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Far-away war slams families of 33 Fusiliers


LONDON -- They waited by the telephone. They watched television. They looked for their sons, the peacekeepers who became prisoners of war.

Yesterday, the war in Bosnia weighed down on soldiers' families in the tiny villages and hard-working towns of Wales.

Thirty-three members of the Royal Welch Fusiliers, British peacekeepers with the United Nations forces, are held hostage by the Bosnian Serb army.

"I'd like to see my son out. I'd like to see everyone's son out," says Allen Warren, father of one hostage, Sgt. Nicholas Warren, 30, of Cardiff.

"I'd like to see the problems solved there," Mr. Warren adds. "I know innocents are being killed. You can't stand by and let that happen. With something like Northern Ireland, though, it's 'queen and country.' Here, this is not our war. Our lads are trying to keep the peace. Now, they're being made scapegoats."

Last night, Bosnian Serb-controlled television broadcast the first pictures of the detained British soldiers. They were seen smoking cigarettes and eating meals in a canteen in Visegrad, northeast of the town of Gorazde, a U.N.-declared haven where they were captured Sunday.

The soldiers were not handcuffed, and their blue U.N. helmets and weapons were lined up against a wall.

A Bosnian commentator described the soldiers as "prisoners of war."

Meanwhile, six Welsh soldiers who were injured in a road accident after their capture also were shown on television recovering in a Serbian military hospital in Pale.

"We were not told we were taken prisoners of war, we were just told to move to a safe place," said a soldier, identified as Laurence Parry.

The images brought hope to some of the families, who, at last, saw their sons alive.

The Royal Welch Fusiliers stand by a simple motto: Ich Dien -- I Serve. They were formed in 1689 and first fought against the forces of King James II in Ireland. They have gone to battle under Marlborough, Wellington and George II. They also saw service in the Boer War and both world wars.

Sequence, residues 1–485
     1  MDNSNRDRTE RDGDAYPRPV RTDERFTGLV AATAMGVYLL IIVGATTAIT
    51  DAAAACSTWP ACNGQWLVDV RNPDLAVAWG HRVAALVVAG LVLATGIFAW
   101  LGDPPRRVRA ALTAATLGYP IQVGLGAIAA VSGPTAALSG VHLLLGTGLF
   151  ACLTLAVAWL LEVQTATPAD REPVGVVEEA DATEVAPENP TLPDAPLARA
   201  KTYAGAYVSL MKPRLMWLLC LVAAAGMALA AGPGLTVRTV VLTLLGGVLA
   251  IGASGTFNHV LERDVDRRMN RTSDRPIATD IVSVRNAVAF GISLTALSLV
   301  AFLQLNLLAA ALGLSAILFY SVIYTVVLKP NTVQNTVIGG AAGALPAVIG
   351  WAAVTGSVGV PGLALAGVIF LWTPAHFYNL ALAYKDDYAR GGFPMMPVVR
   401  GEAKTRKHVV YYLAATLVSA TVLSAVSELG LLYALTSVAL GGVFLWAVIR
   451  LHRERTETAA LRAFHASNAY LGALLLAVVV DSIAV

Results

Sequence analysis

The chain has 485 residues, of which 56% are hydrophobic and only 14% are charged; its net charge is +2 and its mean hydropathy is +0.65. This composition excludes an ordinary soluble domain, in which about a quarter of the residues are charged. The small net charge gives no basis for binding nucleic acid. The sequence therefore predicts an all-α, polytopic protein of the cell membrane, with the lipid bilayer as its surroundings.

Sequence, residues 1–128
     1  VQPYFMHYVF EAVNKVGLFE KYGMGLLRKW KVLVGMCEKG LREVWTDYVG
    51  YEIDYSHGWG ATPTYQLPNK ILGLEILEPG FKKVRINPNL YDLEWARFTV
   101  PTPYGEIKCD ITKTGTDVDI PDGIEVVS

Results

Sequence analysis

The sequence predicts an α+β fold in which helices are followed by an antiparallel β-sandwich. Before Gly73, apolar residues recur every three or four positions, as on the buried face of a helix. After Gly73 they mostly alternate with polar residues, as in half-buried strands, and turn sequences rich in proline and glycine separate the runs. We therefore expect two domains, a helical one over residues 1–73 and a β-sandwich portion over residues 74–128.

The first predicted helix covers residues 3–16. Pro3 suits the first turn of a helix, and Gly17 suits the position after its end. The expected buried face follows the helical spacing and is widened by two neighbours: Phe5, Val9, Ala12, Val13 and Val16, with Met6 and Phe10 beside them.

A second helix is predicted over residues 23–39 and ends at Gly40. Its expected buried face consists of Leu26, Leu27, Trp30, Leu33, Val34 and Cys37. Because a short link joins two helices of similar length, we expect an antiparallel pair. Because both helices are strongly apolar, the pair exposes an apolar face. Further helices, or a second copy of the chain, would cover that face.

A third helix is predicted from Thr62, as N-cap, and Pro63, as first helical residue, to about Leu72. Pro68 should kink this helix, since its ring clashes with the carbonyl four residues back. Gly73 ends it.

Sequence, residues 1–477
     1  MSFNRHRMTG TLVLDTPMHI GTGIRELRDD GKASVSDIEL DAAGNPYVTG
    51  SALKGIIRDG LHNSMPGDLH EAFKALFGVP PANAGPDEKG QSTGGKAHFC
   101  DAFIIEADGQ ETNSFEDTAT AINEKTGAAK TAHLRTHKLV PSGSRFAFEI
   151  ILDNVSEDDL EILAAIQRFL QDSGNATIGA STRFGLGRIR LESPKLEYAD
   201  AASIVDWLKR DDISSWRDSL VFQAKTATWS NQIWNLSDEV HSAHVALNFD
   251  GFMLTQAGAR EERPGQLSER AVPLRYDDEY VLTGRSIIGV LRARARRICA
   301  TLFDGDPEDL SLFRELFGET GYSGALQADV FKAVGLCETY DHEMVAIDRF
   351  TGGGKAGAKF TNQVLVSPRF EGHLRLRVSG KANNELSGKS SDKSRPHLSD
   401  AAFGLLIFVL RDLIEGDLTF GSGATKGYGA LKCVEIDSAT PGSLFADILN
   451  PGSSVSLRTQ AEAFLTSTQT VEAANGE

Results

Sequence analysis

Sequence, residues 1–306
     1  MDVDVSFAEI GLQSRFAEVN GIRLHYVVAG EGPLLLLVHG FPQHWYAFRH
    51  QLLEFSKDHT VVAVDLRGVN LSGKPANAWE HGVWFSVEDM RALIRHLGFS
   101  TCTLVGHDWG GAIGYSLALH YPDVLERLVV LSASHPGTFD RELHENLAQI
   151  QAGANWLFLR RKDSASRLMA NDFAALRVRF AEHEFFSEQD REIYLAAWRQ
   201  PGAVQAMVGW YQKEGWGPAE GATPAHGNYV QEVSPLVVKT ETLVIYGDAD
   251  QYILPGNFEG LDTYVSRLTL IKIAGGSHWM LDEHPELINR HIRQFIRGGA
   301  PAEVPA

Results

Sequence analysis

Queen Elizabeth II is the colonel in chief of the Fusiliers, and she is due to visit the regiment base Thursday, fulfilling a commitment made months ago.

The Royal Welch Fusiliers have been in the heat of the Bosnian conflict. Even as early as March 12, they were under strain, firing 700 rounds as cover to move out of range of the Bosnian Serbs.

With more than 90 percent of the soldiers claiming Welsh as their first language, the soldiers frequently used the language to communicate on radio. But it is believed they established some rapport with the Bosnian Serb soldiers before their capture.

"To be in the Fusiliers, you've got to be special," Mr. Warren says.

Mr. Warren has three sons in the British military. His eldest, Nicholas, has done four tours of duty in Northern Ireland. The son now has a family of his own. Sergeant Warren's wife is expecting their second child.

"That time in Northern Ireland should get Nick through this," Mr. Warren says. "Obviously, he is going to be scared. But I believe he can take it."

Mr. Warren says a British military briefer told him the captive soldiers were allowed to keep their weapons.

"I've been told that when they were overpowered, there were no threats of violence," he says. "They are just asked to come along. They even drove their own vehicles and collected their own personal effects."

Derek Scoble says his son, Lance Cpl. Glyn Scoble, also captured, has the steel to come through unscathed. He too says that two tours of duty in Northern Ireland prepared his son for Bosnia.

"In Northern Ireland, you had to be on guard. The place brought out the soldier in him," Mr. Scoble says.

Pauline Jones of Brymbo says she spent a sleepless night Sunday worrying about her 19-year-old son, Lee, who is being held captive with only a year's military experience.

"My boy was bored in Wales," Mrs. Jones says. "He couldn't get a job. He wanted to join the army and see the world. I guess he got to the wrong place."

The families don't have to be reminded of the stakes. Twelve Britons have been killed in Bosnia. The first was Lance Cpl. Wayne "Eddie" Edwards, 26, a Royal Welch Fusilier with another unit who was killed by a sniper in January 1993 while escorting an ambulance that took three women to safety. His mother says she fears for the captives.

"My son was a soldier's soldier, and if he were alive he wouldn't want to come out of there," says Barbara Manley. "Our soldiers went to Bosnia to help. They were peacekeepers. They didn't go to fight. This is what we just don't understand. Our boys can't fight back."

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